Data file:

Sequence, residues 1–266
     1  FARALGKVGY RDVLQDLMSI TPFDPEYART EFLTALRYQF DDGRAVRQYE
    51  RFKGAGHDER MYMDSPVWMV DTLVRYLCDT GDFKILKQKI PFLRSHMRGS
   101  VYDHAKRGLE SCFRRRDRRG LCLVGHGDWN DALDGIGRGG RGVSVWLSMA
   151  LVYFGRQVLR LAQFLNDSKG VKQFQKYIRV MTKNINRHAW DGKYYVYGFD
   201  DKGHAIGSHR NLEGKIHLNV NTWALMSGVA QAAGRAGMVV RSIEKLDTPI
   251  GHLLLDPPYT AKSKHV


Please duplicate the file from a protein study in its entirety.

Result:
Sequence, residues 1–266
     1  FARALGKVGY RDVLQDLMSI TPFDPEYART EFLTALRYQF DDGRAVRQYE
    51  RFKGAGHDER MYMDSPVWMV DTLVRYLCDT GDFKILKQKI PFLRSHMRGS
   101  VYDHAKRGLE SCFRRRDRRG LCLVGHGDWN DALDGIGRGG RGVSVWLSMA
   151  LVYFGRQVLR LAQFLNDSKG VKQFQKYIRV MTKNINRHAW DGKYYVYGFD
   201  DKGHAIGSHR NLEGKIHLNV NTWALMSGVA QAAGRAGMVV RSIEKLDTPI
   251  GHLLLDPPYT AKSKHV